Bangkok, Thailand, 17 October 2023 — The Mekong River Commission and its four Member Countries voiced support to not only expedite gender mainstreaming across all activities that help safeguard Southeast Asia’s most important waterway, but to also encourage male riverine officials to become “champions” who advocate for involving more women, according to a recent MRC workshop.

Participants in the Regional Working Session on Gender, which took place on 11 October in Bangkok, even discussed a new form of accountability for MRC Member Countries Cambodia, Lao PDR, Thailand and Viet Nam. As part of the agency’s deepening efforts to collect gender data, attendees learned to develop “tools to monitor women’s participation across various MRC meetings.”

“If we’re truly serious about gender equity, it cannot only be the responsibility of women who speak up for their rights. Men should champion this issue, too,” says Mr Hak Socheat, Deputy Secretary General of the Cambodia National Mekong Committee. “Moreover, we should publicly track our progress, to show our societies that we mean what we say and are taking meaningful action.”

Recent years have seen gender mainstreaming become a greater priority for the intergovernmental agency. Not only is it a priority for the international community – of the world’s 17 Sustainable Development Goals, #5 focuses on Gender – but the issue is also driven by the Mekong region’s desire for greater fairness and equity.

For the MRC, one of the most meaningful achievements of 2022 was the enhanced data collection efforts to measure gender disparity, through the Social Impact Monitoring and Vulnerability Assessment (SIMVA). As the 2022 MRC Annual Report noted, “Today, there is growing awareness of the need to understand gender in terms of inequity and impact. To mitigate both, more accurate data” is needed.

Then, late last year, the MRC published a new document for an audience that includes the MRC Secretariat, Member Countries, the public sector, and anyone else who seeks guidance on this gender issue: Handbook on Mainstreaming Gender into the MRC’s Core Functions and Activities.

As Dr Anoulak Kittikhoun, the CEO of the MRC Secretariat, wrote in the Foreword of this Gender Handbook: “For too long … we haven’t done enough to ensure that women in the Lower Mekong River Basin are provided equal access to both water and related information. Without such consideration, that doesn’t just mean inequity, unfairness or deprivation for women; it may also lead to their greater vulnerability.”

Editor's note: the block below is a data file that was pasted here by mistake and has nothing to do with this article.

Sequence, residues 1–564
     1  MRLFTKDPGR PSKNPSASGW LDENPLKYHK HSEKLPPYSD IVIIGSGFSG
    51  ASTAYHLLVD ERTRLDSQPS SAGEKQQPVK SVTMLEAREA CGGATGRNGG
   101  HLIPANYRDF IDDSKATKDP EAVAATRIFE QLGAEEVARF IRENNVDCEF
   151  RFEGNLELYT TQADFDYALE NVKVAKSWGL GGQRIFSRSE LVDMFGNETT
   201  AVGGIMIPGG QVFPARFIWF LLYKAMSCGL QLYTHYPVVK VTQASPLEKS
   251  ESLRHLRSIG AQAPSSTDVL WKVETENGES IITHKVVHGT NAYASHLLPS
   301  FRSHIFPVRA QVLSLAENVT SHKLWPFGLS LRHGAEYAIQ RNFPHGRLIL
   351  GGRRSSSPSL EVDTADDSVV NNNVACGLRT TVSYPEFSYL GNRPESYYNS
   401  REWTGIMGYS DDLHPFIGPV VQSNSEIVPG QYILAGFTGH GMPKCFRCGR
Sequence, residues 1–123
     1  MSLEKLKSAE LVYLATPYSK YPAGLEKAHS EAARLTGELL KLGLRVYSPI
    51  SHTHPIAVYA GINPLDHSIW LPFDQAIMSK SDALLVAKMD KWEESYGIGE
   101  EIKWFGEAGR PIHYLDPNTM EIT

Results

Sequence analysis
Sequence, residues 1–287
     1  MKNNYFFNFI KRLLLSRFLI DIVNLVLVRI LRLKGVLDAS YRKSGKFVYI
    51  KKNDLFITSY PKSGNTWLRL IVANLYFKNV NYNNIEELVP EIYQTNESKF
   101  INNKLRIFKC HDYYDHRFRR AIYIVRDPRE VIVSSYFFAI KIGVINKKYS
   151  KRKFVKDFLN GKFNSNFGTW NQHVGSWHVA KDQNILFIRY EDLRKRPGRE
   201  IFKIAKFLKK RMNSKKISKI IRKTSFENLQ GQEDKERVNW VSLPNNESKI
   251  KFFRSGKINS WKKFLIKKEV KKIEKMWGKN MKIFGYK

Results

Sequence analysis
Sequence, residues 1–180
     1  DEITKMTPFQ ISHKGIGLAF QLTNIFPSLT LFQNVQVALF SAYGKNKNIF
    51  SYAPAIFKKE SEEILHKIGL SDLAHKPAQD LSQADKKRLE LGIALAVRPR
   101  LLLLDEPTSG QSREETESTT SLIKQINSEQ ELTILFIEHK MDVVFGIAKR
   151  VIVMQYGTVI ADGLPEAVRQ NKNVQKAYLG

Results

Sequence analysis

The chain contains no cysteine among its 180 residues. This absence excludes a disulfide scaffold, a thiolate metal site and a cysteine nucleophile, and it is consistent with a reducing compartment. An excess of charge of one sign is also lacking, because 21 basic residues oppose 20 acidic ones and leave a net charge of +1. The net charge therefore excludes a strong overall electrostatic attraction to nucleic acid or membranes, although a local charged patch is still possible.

To match words with deeds, participants in Bangkok also discussed how to “operationalize” the Gender Action Plan (GAP) for 2023–2024 – and developed national action plans to expedite its implementation. The GAP, which is a significant component of the broader MRC Strategic Plan 2021–2025, aims to mitigate gender and vulnerability (G&V) challenges by providing “detailed descriptions of the planned activities needing to factor in the G&V approach, and specific sub-deliverables.”

Ms Le Thi Huong, a senior official from the Viet Nam National Mekong Committee, said the most vulnerable Mekong citizens deserve assistance: “These important documents are always filled with lofty aspirations, but the GAP is a roadmap that leads us, step by step, through all the concrete actions we must implement, to positively impact gender and vulnerability issues across the Basin.”


Note to Editors:

The MRC is an intergovernmental organization established in 1995 to boost regional dialogue and cooperation in the Lower Mekong River Basin. Based on the Mekong Agreement among Cambodia, Lao PDR, Thailand and Viet Nam, the MRC serves as both a regional platform for water diplomacy and a knowledge hub – to manage water resources and support sustainable development of the region.